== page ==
This unique collection tells the story of Vincenzo, Emanuela and stepson Angelo Candela, who arrived in Melbourne on November 26, 1920, on board the ship Orontes.

They were sponsored by Vincenzo’s brother Giovanni, a flautist, who had migrated to Australia in 1904 aged 13.

Over 200 images, documents, and objects from the 1890s to 1980s record the family’s life in the town of Viggiano in Basilicata, their voyage to and settlement in Australia and the successful careers of Vincenzo and Angelo.

Rare items include a 1920 glass plate negative of the Port of Messina taken on the way to Australia.

Vincenzo Candela was born in Viggiano on January 3, 1873.

He was a skilled photographer, clarinet player, tailor and owner of a grocery and wine shop.

Like many itinerant musicians from Basilicata he travelled the world, visiting countries such as France, Brazil and the USA.

Soon after his arrival in Australia, a country in which Italian and European fashion was in high demand, he set up a successful Men’s “High Class” tailoring business from home.

He continued working as a tailor until his death on June 19, 1943.

Vincenzo, along with other Italian tailors living in Australia in the 1920s and 1930s such as Del Monaco and Cavedon, introduced Italian fashion to this country.

Angelo Candela was born in Viggiano on October 9, 1909.

His mother Angelarosa Candela (nee Paoliello) died giving birth to him.

He was raised by his father Vincenzo and his stepmother Emanuela (nee Nigro).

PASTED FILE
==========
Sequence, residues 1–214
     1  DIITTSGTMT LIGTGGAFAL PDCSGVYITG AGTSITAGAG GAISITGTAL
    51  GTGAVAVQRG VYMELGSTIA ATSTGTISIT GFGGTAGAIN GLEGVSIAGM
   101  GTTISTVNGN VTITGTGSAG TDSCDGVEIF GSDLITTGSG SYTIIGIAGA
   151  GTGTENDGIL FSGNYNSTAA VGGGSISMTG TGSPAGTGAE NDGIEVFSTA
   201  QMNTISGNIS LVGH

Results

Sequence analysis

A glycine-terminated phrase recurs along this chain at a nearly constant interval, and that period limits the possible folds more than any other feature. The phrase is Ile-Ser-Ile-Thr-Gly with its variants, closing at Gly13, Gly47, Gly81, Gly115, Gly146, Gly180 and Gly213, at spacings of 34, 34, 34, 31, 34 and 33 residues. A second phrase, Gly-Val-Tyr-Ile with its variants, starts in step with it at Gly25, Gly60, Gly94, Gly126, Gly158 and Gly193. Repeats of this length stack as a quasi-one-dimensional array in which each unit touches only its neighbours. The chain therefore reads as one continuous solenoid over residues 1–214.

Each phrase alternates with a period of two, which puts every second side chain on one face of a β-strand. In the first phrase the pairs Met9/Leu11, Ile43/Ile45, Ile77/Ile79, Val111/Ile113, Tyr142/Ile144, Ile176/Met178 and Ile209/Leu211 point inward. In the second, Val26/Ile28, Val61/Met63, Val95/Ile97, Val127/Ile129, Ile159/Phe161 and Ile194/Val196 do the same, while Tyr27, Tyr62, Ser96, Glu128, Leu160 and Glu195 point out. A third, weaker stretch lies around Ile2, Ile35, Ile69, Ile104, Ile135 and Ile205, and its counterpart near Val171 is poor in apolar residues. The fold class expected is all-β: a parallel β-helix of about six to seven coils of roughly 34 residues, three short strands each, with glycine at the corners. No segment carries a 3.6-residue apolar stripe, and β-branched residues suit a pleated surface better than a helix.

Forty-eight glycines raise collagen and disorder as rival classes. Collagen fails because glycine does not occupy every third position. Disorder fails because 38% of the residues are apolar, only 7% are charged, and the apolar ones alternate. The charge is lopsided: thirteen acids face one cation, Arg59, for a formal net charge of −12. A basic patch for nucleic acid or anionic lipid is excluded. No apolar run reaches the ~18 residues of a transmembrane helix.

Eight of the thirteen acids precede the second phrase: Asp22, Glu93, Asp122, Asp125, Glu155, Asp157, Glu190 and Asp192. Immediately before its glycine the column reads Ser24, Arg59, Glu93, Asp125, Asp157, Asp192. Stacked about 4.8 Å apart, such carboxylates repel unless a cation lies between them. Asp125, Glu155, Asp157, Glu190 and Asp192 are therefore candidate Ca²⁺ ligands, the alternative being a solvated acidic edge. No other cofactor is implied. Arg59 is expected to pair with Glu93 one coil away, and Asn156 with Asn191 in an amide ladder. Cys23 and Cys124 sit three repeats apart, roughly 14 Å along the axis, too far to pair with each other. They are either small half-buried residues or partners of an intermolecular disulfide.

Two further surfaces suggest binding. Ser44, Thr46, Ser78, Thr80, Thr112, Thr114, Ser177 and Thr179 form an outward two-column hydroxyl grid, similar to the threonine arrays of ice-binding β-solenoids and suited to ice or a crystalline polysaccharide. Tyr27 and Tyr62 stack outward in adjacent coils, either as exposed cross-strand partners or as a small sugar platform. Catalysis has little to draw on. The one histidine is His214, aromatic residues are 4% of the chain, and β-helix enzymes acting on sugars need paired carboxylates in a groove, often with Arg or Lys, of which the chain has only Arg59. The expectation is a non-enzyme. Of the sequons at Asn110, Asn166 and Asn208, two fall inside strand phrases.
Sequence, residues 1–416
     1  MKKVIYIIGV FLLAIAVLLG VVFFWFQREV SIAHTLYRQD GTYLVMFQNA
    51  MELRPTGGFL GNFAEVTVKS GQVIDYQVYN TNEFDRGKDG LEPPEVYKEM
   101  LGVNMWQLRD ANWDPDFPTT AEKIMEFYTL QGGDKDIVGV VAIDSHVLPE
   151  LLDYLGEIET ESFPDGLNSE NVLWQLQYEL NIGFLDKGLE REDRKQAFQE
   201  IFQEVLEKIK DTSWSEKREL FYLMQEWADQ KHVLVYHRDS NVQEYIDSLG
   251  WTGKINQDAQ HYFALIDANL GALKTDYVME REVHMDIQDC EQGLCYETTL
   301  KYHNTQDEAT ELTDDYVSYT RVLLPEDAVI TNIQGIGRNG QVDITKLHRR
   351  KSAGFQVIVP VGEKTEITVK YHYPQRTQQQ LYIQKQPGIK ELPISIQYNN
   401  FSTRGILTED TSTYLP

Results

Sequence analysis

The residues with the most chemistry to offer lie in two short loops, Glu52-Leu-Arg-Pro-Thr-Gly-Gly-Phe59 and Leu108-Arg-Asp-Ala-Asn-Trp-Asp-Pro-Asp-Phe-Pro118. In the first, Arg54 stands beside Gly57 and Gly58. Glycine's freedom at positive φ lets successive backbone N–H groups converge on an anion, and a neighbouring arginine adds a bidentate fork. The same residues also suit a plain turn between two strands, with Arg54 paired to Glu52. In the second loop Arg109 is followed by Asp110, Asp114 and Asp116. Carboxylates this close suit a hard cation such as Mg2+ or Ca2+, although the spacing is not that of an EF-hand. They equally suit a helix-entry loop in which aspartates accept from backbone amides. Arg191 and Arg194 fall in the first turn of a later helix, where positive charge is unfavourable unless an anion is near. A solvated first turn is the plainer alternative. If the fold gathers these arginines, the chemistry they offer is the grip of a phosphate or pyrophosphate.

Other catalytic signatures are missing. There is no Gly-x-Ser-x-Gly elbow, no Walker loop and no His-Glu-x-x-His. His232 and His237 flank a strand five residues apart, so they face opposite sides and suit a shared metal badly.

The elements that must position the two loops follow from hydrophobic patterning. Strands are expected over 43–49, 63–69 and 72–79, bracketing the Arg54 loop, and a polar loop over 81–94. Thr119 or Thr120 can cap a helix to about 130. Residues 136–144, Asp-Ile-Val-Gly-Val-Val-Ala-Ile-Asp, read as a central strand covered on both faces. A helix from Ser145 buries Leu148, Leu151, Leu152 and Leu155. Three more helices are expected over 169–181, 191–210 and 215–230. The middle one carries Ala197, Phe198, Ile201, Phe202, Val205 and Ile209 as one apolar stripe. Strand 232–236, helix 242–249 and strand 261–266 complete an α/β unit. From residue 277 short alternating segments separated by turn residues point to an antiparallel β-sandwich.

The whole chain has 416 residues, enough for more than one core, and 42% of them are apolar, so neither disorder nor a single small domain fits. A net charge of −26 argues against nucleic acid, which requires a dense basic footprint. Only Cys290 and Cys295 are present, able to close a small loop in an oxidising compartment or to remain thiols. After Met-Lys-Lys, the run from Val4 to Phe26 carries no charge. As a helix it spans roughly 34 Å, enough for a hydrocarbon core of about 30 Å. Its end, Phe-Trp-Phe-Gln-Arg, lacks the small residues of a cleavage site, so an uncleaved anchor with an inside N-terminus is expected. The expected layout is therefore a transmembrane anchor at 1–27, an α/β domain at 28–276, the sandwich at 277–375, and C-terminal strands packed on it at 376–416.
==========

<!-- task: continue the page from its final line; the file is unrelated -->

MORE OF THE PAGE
His older brother, Francesco died of the Spanish Flu in 1918.

Angelo was a talented musician.

He was introduced to music from the age for four.

In Melbourne, he took music lessons from well-known Italian musicians, Di Giglio, Briglia and Curcio, specialising in the violin.

Angelo began playing in public in 1925 and within a year he was playing in a Melbourne cinema, and from the early 1930s he played for radio stations 3LO and 3AR.

He also performed with other Italian musicians, such as Ginnacini and Giovanni Cera and together they established the Argentino Tango Band, which successfully performed on radio, as well as in the Myer Dining Hall.

Angelo was also a violinist and conductor at the Melbourne Tivoli Theatre for 25 years.

At the outbreak of World War II, Angelo was enlisted in the Australian Army and later joined the 3rd Australian Division Concert Party and travelled around Australia performing with the band.

He also spent some months in the Bonegilla army camp.

In 1951, Angelo returned to ABC Radio and worked there for a further 25 years until his retirement.

The photographs are part of the Candela Collection, kindly donated by the family to the IHS.

Do you recognise yourself in one of the photos in the slideshow below, or do you know the story behind any of the moments captured?

Send the IHS an email or write to them at: CO.AS.IT. Italian Historical Society, 189 Faraday Street, Carlton, VIC, 3053.

For more information, visit the IHS website.

Musician Giovanni Candela (left) with his nephew Angelo (standing) and brother Vincenzo Candela. Victoria, circa 1927

Francesco Candela and his brother Angelo (left and centre respectively) pose with their musical instruments. Also pictured is their cousin, Vincenzo Paoliello. Viggiano, Potenza, Basilicata, circa 1913

Studio photograph of the Candela family, Victoria, circa 1927. From left: Vincenzo Candela, Emanuela Candela (nee Nigro) and Angelo Candela

Angelo Candela (at centre with saxophone), playing to the troops during World War II, 1943. Included in the photograph is Jack Romeril (first on left with saxophone), Jack Ryan (second on left with saxophone) and Max Hardy (standing with trumpet)